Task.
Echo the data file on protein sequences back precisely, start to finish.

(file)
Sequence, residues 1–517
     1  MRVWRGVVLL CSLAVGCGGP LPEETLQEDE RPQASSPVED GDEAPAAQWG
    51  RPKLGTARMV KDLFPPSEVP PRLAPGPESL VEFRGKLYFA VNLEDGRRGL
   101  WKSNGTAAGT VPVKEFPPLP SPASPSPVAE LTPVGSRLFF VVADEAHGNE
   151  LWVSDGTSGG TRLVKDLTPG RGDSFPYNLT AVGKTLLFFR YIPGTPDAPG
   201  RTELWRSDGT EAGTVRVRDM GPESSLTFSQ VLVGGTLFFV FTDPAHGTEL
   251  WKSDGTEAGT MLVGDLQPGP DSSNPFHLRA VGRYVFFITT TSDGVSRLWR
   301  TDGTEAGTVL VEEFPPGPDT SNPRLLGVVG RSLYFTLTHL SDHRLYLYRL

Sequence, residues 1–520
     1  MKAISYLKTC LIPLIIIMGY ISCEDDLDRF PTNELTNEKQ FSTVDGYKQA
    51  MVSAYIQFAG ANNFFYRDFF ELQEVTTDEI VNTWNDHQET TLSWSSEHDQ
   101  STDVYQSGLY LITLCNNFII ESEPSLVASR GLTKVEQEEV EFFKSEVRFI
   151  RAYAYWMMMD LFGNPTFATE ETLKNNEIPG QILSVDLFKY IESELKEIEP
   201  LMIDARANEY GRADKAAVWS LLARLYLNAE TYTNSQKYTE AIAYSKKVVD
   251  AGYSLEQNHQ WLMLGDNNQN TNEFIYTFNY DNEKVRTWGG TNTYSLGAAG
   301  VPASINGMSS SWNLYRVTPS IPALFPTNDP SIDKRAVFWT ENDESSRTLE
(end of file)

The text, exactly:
Sequence, residues 1–517
     1  MRVWRGVVLL CSLAVGCGGP LPEETLQEDE RPQASSPVED GDEAPAAQWG
    51  RPKLGTARMV KDLFPPSEVP PRLAPGPESL VEFRGKLYFA VNLEDGRRGL
   101  WKSNGTAAGT VPVKEFPPLP SPASPSPVAE LTPVGSRLFF VVADEAHGNE
   151  LWVSDGTSGG TRLVKDLTPG RGDSFPYNLT AVGKTLLFFR YIPGTPDAPG
   201  RTELWRSDGT EAGTVRVRDM GPESSLTFSQ VLVGGTLFFV FTDPAHGTEL
   251  WKSDGTEAGT MLVGDLQPGP DSSNPFHLRA VGRYVFFITT TSDGVSRLWR
   301  TDGTEAGTVL VEEFPPGPDT SNPRLLGVVG RSLYFTLTHL SDHRLYLYRL

Sequence, residues 1–520
     1  MKAISYLKTC LIPLIIIMGY ISCEDDLDRF PTNELTNEKQ FSTVDGYKQA
    51  MVSAYIQFAG ANNFFYRDFF ELQEVTTDEI VNTWNDHQET TLSWSSEHDQ
   101  STDVYQSGLY LITLCNNFII ESEPSLVASR GLTKVEQEEV EFFKSEVRFI
   151  RAYAYWMMMD LFGNPTFATE ETLKNNEIPG QILSVDLFKY IESELKEIEP
   201  LMIDARANEY GRADKAAVWS LLARLYLNAE TYTNSQKYTE AIAYSKKVVD
   251  AGYSLEQNHQ WLMLGDNNQN TNEFIYTFNY DNEKVRTWGG TNTYSLGAAG
   301  VPASINGMSS SWNLYRVTPS IPALFPTNDP SIDKRAVFWT ENDESSRTLE